There are a number of shafts into the workings and many of these are old shallow ones which date from the early working of the mine.  The Rubbish Shaft is in the wood opposite Mine House and has been capped with a locked lid.  Well Shaft is in the building in front of Mine House and has been converted to a well.  All other shafts have either been filled or capped. Rubbish Shaft can be descended 25ft to Upper Level.  Heading south leads to the South Winze which has an unstable lining.  This can be descended for 80ft to Lower Level and a long low crawl which ends in a chamber part way down Well Shaft.  Upper Level continues beyond the top of the winze and once emerged at surface but this has now been filled in.  Back at Rubbish Shaft, heading north leads to the Main Winze.  This can be descended for 80ft to Lower Level, which can be followed north to a collapse.  Heading south from the bottom of the winze leads to the chamber part way down Well Shaft.  Another level heads off from here but is collapsed after a short distance.  The top of Main Winze can be crossed by a wall traverse and leads to a series of tall stopes with copper mineralisation.  A number of older surface shafts have been undercut by these later workings and can be seen in the roof.  A section passing through a fault has bad ground and this has been recently stabilised.  The workings eventually lose the mineralisation and trial levels searching for it again proceed for a short distance before ending at the North Winze with blind headings.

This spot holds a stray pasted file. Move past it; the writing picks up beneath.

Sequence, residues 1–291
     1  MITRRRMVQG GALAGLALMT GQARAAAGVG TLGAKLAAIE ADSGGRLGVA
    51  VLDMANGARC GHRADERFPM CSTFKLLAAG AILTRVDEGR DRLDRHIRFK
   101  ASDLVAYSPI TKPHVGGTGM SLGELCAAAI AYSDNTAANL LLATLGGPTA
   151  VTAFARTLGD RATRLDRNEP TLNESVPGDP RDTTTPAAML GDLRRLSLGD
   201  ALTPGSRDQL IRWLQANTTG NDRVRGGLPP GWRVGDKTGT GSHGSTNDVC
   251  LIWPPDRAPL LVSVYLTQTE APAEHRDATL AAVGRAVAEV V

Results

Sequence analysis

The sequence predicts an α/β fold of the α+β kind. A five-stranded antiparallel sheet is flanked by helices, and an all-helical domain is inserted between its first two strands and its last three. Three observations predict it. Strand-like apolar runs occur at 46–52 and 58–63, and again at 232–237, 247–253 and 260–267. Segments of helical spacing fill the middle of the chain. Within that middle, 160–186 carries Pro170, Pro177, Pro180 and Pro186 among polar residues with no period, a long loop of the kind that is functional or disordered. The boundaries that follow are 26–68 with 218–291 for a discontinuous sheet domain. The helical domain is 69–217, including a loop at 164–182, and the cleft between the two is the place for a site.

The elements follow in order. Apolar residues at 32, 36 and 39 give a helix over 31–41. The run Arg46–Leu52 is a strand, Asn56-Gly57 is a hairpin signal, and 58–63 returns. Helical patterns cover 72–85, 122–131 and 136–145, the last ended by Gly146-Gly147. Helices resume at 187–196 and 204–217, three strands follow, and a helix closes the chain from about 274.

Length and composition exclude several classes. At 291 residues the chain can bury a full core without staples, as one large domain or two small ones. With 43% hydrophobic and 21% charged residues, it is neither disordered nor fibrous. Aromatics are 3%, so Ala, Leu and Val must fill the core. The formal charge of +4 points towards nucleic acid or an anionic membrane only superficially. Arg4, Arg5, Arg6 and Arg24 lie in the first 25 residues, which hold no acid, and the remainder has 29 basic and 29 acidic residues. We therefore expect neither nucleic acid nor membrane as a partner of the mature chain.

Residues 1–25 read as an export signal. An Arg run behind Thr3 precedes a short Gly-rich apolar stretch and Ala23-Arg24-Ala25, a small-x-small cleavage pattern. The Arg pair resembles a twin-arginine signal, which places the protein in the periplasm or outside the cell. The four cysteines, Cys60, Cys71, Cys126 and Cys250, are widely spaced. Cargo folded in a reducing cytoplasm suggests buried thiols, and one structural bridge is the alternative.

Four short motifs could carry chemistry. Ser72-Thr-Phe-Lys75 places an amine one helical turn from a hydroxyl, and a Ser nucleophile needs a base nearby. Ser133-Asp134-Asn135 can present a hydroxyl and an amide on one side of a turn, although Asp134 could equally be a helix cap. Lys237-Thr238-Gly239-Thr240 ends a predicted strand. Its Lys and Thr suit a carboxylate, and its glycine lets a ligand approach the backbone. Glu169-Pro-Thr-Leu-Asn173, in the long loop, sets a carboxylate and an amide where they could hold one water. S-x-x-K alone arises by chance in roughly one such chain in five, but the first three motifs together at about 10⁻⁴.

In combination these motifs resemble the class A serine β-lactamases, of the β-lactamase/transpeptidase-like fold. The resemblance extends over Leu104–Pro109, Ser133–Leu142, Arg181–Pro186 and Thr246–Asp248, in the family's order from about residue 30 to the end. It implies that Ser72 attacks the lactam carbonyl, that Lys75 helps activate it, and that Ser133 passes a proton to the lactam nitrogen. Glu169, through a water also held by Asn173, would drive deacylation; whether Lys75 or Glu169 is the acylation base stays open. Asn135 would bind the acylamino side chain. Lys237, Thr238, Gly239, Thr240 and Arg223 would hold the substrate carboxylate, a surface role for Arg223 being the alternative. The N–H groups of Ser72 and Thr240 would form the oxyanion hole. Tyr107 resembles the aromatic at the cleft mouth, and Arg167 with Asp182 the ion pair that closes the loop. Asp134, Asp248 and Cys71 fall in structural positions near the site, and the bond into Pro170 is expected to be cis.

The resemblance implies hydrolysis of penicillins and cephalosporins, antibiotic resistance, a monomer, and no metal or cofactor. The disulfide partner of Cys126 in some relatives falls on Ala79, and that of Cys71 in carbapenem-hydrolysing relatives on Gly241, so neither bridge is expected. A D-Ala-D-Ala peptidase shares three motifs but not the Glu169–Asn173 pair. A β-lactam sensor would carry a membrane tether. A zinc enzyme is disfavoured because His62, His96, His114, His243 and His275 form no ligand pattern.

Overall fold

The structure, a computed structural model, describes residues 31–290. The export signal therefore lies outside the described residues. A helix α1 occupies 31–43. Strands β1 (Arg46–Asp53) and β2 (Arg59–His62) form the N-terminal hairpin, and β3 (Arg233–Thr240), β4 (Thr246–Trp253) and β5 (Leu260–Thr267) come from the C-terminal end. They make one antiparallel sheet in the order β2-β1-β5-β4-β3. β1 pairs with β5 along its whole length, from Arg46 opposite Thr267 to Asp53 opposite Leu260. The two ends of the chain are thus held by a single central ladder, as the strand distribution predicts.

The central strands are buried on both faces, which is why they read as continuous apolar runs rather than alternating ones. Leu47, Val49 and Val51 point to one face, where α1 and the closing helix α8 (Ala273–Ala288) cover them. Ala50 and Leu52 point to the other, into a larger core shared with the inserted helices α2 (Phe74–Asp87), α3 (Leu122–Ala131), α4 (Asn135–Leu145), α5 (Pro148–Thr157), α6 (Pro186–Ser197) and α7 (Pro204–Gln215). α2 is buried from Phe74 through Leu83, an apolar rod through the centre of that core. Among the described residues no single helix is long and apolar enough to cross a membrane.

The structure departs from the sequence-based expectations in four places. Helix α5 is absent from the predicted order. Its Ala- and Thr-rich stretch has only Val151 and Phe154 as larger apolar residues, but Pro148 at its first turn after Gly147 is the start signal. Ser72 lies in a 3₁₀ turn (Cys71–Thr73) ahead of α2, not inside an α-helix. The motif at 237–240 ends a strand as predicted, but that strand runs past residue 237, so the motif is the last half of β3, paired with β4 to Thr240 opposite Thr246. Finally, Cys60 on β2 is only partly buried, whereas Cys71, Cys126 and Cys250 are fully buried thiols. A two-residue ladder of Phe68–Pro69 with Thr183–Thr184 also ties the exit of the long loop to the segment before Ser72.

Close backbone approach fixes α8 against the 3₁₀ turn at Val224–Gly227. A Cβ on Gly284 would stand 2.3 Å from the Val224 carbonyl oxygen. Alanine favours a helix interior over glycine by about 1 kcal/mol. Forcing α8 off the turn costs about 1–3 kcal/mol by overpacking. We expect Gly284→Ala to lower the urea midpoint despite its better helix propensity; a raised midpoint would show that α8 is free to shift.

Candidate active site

SJ51392386

Mine Manager's House (C19)

SJ51392386

Mine building (C19)

SJ51392386

Well Shaft (open)

SJ514239

Rubbish Shaft (capped)

SJ514239

Shaft (capped)